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Kyle Morrisseau, from Keeywaywin First Nation, was 17-years-old when he died.
His body was found in the McIntyre River in Thunder Bay, Ont. in 2009 after he had been missing for nearly two weeks.
Morrisseau had been living at a boarding home. The boarding parents alerted his family when he missed his curfew the night he went missing.
“Twenty-four hours came along and there was still no sign,” said Christie Kakegumic, Morrisseau’s sister. “It wasn’t like him to not call home. He called almost every day.”
Morrisseau’s family prayed it was him every time the phone rang, but it was never Morrisseau at the other end of the line.
“In my dream I heard a knock on my mum’s door, opened it and it was Kyle.” Christie Kakegumic, Kyle Morrisseau’s sister.
Kakegumic had a dream during the time her family was hopelessly looking for Morrisseau.
“In my dream I heard a knock on my mum’s door, opened it and it was Kyle,” she said. “And he told me, ‘tell mom and dad I’ll be at the river, and tell them to hurry’ and then he shut the door.”
Morrisseau was in Thunder Bay for only a short period of time.
“It was his first year of high school,” said Kakegumic.
Morrisseau was outgoing, athletic and loved the outdoors.
He was also an aspiring artist, one who took after the style of his Grandfather, the prominent Ojibway artist Norval Morrisseau, said his sister.
A long awaited inquest set for Oct. 5 will attempt to demystify his death and six other First Nation students who all wound up dead in Thunder Bay while attending school.
The deaths happened between 2000 and 2011.
The youngest teens were 15, the oldest was 21.
All were from communities that make up the Nishnawbe Aski Nation, which represents 49 northern Ontario communities, 45,000 people both on and off reserve.
To this day, family members still do not know the circumstances that lead to their deaths and have been waiting for this inquest to get answers.
Three years ago, Ontario’s Coroner announced an inquest into the death of Reggie Bushie, 15, who was found drowned in the McIntyre river in 2007.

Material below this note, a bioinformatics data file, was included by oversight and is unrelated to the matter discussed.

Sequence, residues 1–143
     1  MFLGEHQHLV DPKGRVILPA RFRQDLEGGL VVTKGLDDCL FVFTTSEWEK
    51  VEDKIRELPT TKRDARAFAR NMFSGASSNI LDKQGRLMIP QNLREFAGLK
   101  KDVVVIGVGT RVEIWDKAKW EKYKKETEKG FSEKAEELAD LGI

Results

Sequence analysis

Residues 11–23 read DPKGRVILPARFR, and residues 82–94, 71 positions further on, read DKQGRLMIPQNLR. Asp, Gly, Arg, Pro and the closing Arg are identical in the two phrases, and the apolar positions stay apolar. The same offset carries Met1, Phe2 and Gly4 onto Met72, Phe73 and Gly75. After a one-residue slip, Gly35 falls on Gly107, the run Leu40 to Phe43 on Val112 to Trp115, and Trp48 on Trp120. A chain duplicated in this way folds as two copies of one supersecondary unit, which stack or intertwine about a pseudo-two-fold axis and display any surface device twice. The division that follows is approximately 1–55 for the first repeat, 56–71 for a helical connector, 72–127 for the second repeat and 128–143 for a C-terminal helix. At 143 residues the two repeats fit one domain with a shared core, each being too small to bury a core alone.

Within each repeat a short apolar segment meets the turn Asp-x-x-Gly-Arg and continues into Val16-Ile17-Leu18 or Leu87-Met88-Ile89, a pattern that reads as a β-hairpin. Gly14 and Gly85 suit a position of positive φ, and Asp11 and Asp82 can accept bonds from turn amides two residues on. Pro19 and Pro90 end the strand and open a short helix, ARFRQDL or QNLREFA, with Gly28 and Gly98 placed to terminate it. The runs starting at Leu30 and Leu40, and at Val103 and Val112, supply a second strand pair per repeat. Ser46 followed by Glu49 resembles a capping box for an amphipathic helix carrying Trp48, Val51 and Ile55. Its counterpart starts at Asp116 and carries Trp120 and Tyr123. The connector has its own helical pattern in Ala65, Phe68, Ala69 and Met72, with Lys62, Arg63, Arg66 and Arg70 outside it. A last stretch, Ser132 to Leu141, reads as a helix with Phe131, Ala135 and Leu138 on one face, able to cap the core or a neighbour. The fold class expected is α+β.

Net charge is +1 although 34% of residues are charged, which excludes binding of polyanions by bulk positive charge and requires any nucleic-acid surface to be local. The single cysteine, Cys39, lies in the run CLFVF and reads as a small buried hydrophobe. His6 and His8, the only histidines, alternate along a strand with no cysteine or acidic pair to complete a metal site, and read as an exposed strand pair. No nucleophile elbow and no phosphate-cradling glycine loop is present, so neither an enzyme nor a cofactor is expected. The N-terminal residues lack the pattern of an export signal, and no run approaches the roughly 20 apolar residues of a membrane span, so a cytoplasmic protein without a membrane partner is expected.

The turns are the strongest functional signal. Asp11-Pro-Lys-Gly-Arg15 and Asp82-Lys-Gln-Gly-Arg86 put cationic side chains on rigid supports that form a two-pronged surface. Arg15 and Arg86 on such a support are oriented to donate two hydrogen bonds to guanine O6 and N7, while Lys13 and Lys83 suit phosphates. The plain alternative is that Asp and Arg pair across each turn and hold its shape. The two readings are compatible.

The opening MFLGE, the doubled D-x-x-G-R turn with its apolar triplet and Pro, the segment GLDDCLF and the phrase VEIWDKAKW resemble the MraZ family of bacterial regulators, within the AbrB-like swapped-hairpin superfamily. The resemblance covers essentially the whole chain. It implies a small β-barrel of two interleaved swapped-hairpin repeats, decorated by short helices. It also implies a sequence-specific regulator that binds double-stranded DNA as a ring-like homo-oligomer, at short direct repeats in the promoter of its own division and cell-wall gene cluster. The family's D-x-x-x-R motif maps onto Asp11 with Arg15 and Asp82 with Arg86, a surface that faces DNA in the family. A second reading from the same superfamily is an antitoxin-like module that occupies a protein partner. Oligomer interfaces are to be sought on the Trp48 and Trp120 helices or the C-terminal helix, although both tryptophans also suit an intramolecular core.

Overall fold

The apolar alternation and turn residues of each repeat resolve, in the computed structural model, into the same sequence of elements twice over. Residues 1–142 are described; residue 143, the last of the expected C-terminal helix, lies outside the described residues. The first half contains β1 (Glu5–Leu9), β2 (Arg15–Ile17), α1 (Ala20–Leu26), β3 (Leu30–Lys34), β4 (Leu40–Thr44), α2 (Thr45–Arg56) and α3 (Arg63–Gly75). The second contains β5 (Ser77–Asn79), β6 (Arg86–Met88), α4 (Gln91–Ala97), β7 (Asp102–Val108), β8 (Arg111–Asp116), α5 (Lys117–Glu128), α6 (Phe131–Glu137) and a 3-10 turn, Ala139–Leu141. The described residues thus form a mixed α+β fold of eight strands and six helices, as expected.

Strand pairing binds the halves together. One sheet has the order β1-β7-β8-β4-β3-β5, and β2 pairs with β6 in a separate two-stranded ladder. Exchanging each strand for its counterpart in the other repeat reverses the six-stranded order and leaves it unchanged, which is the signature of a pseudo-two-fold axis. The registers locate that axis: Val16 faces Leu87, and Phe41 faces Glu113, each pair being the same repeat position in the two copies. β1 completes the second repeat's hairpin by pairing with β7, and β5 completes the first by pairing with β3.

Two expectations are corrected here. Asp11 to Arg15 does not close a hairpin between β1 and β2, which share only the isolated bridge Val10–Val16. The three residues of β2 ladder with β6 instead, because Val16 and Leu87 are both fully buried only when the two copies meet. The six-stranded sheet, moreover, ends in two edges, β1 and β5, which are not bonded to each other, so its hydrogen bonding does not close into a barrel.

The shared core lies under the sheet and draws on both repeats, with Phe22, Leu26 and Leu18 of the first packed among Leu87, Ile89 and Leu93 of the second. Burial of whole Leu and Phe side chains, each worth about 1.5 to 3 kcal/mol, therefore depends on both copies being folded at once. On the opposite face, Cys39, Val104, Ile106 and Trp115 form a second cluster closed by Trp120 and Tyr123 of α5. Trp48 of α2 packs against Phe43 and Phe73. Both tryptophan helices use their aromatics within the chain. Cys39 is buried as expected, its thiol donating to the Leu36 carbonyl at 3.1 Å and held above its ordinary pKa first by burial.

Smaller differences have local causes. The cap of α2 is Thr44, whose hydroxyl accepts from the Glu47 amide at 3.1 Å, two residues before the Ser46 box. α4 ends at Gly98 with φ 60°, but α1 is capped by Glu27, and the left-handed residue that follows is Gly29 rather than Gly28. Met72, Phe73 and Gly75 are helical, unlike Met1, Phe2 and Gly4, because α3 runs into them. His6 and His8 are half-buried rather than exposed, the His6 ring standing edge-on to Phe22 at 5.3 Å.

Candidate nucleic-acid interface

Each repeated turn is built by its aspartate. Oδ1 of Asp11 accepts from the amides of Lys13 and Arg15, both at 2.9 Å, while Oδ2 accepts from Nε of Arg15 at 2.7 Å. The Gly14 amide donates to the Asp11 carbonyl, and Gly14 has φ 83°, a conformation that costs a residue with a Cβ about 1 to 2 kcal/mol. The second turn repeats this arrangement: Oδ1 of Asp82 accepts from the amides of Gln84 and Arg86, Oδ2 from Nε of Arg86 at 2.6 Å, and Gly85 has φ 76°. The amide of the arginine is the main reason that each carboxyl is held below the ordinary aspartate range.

“I don’t want any mother to go through what my mother did.” Richie Bushie, Reggie’s older brother.
But a push to include all seven students in the inquest and a re-investigation by the Ontario Provincial Police slowed the process down.
“Most of the evidence before the inquest will be from the OPP investigation not the Thunder Bay police,” said Christa Big Canoe, legal representative for six of the families. “Parts of it had to be completely reinvestigated.
“When a person dies in the custody of the police or in an institution, they try to get police that aren’t from the same jurisdiction,” she said.
NAN and Aboriginal Legal Services of Toronto, for which Big Canoe is the legal advocacy director, pushed for a joint inquest. In 2012, Dr. Andrew McCallum, then Chief Coroner for Ontario, announced that the inquest will encompass all seven deaths, not only Reggie Bushie.
The similarities of each case are astounding.
All students left their communities to attend high school in Thunder Bay.
Six went to Dennis Franklin Cromarty High School (DFC). One to the Matawa Learning Centre.
Both schools are intended for Indigenous youths.
“You’re putting kids in a culture-shock situation. It’s the first time they leave their communities.” Chief Connie Gray-McKay
Each year, hundreds of families in remote First Nation communities are left with no choice but to send their children south to Thunder Bay for school because they lack the resources to have secondary schools of their own.
Some students, as young as 13, are traveling hundreds of kilometres from home, many for the first time.
Boarding homes are supplied to students courtesy of the schools along with guardians who act as their new caregivers.
“The funding the federal government provides for high school off and on reserve is inadequate to provide quality education,” said Chief Connie Gray-McKay of Mishkeegogamang First Nation, 500 kilometres northwest of Thunder Bay.
Students are not necessarily ready for such a transition she said.